One representative pointed out to the council that “this [BDS resolution] is being passed a week after a presentation for 15 minutes from one side of the debate, and the opposition … was never formally given time before College Council”. Another pointed out that “it is disingenuous to say that we have moral voice to represent the students and speak on this issue”. That didn’t stop the same representative who seemed so concerned about minimizing the struggles of the Chinese people as a political ploy, from voting for another political ploy.

Their coldness in minimizing the struggles of Jews, living with a legacy of being expelled and exterminated, was mind-boggling to me.

Then again, these biases, and suppressions of speech shouldn’t surprise me, given the system that these Representatives work in. They control $2 million in funding for events and clubs, and they wield that power to silence dissenting voices.

When SJP held events in support of the divest resolution, one of the sponsors was University of Chicago’s own Office of Diversity and Inclusion.

This week is Yom Hashoah, which commemorates the six million Jews that were murdered by the Nazis during World War II. On this day of remembrance, we say “Never forget. Never again”. Yom Hashoah also commemorates an international commitment not to repeat the mistakes of the past.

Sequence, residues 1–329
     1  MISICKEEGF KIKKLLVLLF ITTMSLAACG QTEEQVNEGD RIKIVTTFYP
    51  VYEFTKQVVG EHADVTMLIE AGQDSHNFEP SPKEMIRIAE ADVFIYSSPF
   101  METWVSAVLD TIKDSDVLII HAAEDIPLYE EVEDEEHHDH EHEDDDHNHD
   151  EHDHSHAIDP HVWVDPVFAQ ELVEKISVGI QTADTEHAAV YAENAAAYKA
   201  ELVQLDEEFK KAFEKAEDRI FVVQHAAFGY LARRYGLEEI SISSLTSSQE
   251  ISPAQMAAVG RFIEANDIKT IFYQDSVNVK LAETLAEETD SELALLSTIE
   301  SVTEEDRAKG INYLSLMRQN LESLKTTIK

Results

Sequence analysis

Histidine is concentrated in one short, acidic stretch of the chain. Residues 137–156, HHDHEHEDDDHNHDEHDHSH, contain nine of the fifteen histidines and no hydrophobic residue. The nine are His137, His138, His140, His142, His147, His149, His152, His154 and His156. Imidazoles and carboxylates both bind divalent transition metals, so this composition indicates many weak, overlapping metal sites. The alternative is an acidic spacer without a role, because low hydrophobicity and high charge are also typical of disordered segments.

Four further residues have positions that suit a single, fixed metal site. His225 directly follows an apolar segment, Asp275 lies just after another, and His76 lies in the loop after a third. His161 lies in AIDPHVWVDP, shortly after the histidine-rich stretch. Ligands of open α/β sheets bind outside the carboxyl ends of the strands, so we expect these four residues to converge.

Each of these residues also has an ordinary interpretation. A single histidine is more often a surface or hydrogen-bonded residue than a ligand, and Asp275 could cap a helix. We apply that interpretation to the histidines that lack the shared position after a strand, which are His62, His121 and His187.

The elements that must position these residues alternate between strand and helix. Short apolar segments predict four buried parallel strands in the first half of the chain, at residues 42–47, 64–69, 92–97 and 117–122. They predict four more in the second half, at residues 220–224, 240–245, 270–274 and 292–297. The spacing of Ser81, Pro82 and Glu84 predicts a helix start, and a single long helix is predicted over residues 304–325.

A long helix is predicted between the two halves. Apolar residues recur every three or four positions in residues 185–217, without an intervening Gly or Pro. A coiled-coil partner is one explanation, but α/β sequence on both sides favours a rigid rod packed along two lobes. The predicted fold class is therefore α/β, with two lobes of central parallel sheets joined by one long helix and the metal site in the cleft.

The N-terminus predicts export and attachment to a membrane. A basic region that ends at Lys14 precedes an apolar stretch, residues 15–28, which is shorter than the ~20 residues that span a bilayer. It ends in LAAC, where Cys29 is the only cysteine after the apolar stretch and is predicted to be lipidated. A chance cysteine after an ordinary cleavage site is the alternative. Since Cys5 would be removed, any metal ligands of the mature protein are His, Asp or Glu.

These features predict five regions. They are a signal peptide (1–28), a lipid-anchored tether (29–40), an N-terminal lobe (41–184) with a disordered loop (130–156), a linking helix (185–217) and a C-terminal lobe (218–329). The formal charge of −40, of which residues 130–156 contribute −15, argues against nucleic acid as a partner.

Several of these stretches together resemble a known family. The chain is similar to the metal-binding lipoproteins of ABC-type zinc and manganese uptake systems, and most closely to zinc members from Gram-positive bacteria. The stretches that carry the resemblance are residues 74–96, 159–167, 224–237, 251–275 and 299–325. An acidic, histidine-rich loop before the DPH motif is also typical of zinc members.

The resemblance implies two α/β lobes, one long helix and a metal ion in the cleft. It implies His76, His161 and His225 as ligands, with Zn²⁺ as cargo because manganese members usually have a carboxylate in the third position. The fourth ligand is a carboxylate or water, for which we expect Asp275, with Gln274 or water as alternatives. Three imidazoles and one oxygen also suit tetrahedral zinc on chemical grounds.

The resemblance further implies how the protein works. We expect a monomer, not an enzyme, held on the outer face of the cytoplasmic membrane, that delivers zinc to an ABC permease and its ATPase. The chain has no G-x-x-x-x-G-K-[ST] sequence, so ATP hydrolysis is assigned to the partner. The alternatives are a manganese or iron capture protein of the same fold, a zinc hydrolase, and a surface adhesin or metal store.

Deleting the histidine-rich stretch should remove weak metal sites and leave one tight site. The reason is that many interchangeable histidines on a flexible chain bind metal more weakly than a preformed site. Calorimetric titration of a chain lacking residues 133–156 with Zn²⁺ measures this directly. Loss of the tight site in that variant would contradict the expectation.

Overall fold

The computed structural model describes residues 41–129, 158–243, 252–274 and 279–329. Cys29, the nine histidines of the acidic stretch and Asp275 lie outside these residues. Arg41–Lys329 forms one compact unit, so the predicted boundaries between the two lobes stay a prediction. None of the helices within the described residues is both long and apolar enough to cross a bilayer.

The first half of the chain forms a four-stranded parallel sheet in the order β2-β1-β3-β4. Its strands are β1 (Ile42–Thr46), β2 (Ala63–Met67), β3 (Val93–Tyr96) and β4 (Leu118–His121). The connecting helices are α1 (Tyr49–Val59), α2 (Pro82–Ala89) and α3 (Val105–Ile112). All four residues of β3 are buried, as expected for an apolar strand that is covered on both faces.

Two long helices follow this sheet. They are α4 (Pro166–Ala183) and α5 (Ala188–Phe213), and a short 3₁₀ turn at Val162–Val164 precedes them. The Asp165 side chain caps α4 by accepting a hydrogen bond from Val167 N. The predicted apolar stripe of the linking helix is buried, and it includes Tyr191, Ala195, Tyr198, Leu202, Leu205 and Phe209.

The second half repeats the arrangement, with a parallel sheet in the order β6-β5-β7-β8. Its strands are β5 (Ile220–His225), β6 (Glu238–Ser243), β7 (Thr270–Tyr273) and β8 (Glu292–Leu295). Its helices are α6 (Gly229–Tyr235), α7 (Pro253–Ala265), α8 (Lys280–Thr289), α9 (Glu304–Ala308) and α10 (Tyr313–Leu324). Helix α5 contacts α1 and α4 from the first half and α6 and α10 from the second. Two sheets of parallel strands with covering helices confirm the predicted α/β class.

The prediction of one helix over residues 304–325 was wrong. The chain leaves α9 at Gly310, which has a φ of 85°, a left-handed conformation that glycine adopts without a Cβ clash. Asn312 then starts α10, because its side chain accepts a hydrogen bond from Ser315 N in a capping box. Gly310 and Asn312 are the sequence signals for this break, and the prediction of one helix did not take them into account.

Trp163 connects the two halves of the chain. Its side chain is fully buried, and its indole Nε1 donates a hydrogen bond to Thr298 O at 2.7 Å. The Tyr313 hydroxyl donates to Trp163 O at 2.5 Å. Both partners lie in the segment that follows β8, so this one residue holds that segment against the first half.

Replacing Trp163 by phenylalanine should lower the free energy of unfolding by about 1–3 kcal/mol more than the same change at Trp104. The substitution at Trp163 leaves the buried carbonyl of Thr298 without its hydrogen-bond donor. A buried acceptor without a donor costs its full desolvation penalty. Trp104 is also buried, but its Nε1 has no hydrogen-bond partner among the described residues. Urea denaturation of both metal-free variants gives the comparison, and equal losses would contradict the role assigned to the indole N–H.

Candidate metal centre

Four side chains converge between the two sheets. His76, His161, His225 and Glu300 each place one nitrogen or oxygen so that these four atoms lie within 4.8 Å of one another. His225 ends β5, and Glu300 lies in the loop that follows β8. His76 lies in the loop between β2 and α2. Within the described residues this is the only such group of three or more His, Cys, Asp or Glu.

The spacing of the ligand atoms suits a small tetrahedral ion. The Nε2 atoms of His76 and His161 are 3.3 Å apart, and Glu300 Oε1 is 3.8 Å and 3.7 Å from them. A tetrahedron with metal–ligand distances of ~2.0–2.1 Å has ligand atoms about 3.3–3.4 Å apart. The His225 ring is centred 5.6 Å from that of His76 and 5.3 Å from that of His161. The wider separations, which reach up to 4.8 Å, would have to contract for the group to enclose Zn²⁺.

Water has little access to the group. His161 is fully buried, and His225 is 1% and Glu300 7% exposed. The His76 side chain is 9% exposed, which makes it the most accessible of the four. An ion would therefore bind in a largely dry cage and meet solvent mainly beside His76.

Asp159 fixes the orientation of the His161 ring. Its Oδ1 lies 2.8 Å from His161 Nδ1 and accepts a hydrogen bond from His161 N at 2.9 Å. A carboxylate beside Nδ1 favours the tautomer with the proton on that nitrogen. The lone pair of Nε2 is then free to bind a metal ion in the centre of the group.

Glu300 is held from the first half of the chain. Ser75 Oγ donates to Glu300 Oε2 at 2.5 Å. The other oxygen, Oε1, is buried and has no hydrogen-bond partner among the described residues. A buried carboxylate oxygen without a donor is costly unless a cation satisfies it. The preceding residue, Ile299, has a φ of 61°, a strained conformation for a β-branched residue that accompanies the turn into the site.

Sadly, fifty-three years after this day was first honored, we seem to be forgetting those lessons. As a campus we’re remarkably tolerant of gender, race, and sexuality in general. Why is it that we’re so uncaring about this one, very real form of racism?

Update (4/05): One thing I didn’t originally emphasize enough is how grateful I am to the 4-5 representatives on the council who genuinely recognized what this resolution was, and spoke and stood against it. I’ve tried my best throughout this article not to name names, but I do want thank those representatives.

Sources: